From Salvationist 20 April 2019
With God all things are possible
Mike Black (Leicester South) talks to Colonel Bramwell Booth about the dramatic change God made to his life
MIKE Black is Leicester South’s unofficial ‘meet and greet’ sergeant. He welcomes people with a warm smile and a firm clasp of the hand, making sure everyone feels at home, whatever the event.
Mike’s early years were marked by a year-long course at the land-based HMS Ganges, a three-masted sailing ship, where he became what he calls a Trog (Trainee Rating of Ganges). It involved extremely tough discipline from early morning till ‘lights out’ at night. Everything had to be done ‘at the double’.
Completing the course, Mike joined the Royal Navy where he served for 11 years. Later he became a prison officer for 33 years. No doubt he exercised a more ‘robust’ relationship with those for whom he had responsibility in the prison than he does today with members of the congregation!
At the age of 22 Mike met Frances, who became his wife and mother of their two boys. Married life was wonderful but drinking became progressively more important, until he recognised he had become an alcoholic. Stealing, lying, begging and borrowing became, he says, his daily routine to pay for the next drink. But life was about to change.
Frances was invited by a work colleague to attend the ladies fellowship at Leicester South, which led to attendance at Sunday morning meetings. Mike occasionally accompanied her, but only begrudgingly and usually with a hangover. The singing, the music of the band and the warm fellowship proved attractive, so he began to attend more regularly. Mike had always been keen on music and, over the years, had devoted time and money to his collection of Beatles memorabilia. ‘I am an ardent Beatles fan,’ he says, ‘and have all their recordings. I collect everything and anything – books, videos, CDs – and I have a full set of mint singles that have never been played.
‘When I first went to the Army, I was still drinking. I prayed every day to get rid of this demon on my back but the prayers seemed not to work. I had a fridge magnet, which I looked at every day, with the words “With God all things are possible”. This gave me some encouragement but I was a long way from being free.
‘It was around that time that I suffered a severe bout of depression and I was given some tablets to help me. As I read the guidance leaflet two words leapt out: “No alcohol”. It was truly a message from God.’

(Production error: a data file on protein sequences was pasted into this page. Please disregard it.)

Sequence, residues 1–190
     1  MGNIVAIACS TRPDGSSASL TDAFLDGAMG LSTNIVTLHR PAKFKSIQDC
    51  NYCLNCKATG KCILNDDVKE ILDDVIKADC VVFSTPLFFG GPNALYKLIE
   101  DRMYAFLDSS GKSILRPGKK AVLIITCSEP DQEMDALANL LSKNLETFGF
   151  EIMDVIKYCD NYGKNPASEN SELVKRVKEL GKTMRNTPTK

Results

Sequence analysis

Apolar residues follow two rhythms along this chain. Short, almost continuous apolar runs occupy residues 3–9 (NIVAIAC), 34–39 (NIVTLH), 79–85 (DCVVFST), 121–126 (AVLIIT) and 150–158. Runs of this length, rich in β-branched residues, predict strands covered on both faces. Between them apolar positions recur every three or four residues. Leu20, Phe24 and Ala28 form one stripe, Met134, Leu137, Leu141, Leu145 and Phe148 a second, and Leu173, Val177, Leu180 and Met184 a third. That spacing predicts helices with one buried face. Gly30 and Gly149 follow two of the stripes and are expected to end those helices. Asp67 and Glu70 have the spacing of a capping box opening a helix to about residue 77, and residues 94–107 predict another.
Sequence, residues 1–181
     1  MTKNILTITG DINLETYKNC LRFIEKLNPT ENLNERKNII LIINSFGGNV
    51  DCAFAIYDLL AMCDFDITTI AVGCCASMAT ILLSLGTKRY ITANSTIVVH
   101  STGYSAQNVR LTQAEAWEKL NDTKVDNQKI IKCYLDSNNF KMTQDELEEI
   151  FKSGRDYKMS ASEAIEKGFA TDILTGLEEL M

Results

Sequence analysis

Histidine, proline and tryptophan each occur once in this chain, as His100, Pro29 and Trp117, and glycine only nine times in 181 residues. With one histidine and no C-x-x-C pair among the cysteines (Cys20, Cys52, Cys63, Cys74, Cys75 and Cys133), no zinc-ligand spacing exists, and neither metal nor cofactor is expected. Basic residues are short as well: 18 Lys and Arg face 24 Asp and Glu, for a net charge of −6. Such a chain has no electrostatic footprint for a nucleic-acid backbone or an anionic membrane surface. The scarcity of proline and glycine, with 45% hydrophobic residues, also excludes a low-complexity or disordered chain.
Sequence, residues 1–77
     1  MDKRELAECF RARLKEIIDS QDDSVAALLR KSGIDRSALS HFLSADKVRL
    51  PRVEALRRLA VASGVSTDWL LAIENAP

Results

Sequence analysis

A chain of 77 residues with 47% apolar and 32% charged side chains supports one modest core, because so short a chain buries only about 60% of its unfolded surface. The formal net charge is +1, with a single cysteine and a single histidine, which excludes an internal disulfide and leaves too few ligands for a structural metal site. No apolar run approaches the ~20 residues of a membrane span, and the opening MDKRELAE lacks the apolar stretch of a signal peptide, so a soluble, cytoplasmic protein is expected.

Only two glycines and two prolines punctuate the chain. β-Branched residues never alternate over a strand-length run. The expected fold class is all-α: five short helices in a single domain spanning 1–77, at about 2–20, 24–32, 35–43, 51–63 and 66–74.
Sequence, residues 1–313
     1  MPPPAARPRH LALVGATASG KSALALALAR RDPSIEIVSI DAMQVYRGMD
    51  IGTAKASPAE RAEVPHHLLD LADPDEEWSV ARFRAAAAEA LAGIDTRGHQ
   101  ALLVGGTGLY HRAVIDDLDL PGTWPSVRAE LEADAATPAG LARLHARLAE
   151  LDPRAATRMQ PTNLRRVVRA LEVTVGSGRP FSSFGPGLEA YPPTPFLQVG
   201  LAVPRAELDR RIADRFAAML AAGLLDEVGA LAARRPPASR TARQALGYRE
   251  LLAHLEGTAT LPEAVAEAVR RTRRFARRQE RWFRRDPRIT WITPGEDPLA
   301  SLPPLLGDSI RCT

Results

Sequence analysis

Attending meetings regularly, sharing fellowship in the corps, praying and believing led Mike to accept Christ in his life and the longed-for permanent deliverance from his demon. He was first welcomed as an adherent member and later enrolled as a soldier. He then became a songster, much to his delight, and now sings with gusto and enthusiasm.
Mike says: ‘I took an increasing interest in the activities of the corps in gratitude to God for his intervention in my life. This is what gives me the greatest satisfaction.
‘Frances and I have a beautiful home, which is our joy. Whenever I return home, I thank the Lord and think of all those who are homeless, who live in temporary accommodation or high-rise flats in city centres. Frances and I realise how fortunate and blessed we are.
‘In the hallway of our home I have displayed the words of my favourite song, “King Of Kings, Majesty”. The refrain says: “Your majesty, I can but bow;/ I lay my all before you now./ In royal robes I don’t deserve,/ I live to serve your majesty” (SASB 376). When I first came to Christ, I was a struggling alcoholic. Why should Jesus grant me royal robes? “Robes” is an anagram of “sober” and I have now been clean for more than 12 years!’
Since retirement, Mike helps his wife in her cleaning work as often as possible, and he is busy with their two sons and eight grandchildren, not forgetting the Army. Every Thursday Mike and Frances join the cell group that meets in their home. This proves helpful in developing relationships and the spiritual growth of the members as they study and reflect on the biblical message from the preceding Sunday’s meetings.
Recently Mike suffered a serious medical setback that required urgent hospitilisation and surgical intervention. Members of the group arranged for at least one person to visit him every day, witnessing to the deep affection and respect in which he is held.
Check out this week's comment from the Editor here.
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